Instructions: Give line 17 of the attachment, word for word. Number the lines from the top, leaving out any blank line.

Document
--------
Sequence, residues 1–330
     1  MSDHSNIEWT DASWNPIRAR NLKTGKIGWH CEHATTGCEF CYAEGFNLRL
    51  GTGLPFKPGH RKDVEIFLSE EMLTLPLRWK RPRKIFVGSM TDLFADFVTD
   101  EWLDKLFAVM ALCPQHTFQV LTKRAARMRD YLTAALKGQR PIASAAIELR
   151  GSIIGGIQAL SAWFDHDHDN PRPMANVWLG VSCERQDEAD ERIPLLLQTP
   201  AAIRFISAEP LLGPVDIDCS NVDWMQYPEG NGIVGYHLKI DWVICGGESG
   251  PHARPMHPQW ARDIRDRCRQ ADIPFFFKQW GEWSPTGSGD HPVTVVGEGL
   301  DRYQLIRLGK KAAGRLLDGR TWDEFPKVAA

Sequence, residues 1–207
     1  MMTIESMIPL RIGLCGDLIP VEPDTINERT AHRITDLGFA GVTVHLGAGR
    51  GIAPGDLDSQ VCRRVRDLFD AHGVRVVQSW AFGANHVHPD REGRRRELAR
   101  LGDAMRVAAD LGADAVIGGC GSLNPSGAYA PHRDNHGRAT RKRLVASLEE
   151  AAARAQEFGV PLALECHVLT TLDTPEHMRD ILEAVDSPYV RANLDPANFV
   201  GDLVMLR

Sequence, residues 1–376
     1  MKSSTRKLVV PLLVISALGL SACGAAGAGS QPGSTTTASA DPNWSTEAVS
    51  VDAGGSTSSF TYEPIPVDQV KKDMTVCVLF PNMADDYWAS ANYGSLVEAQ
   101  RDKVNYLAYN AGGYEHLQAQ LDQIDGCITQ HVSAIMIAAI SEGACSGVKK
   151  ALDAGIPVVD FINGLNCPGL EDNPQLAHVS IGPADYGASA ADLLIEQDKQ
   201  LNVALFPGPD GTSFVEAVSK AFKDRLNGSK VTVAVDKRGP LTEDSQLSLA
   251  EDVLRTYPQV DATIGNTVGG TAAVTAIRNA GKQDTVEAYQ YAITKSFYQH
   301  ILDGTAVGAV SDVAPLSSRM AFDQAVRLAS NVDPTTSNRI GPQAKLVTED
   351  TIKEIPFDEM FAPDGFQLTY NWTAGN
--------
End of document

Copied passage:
    51  VDAGGSTSSF TYEPIPVDQV KKDMTVCVLF PNMADDYWAS ANYGSLVEAQ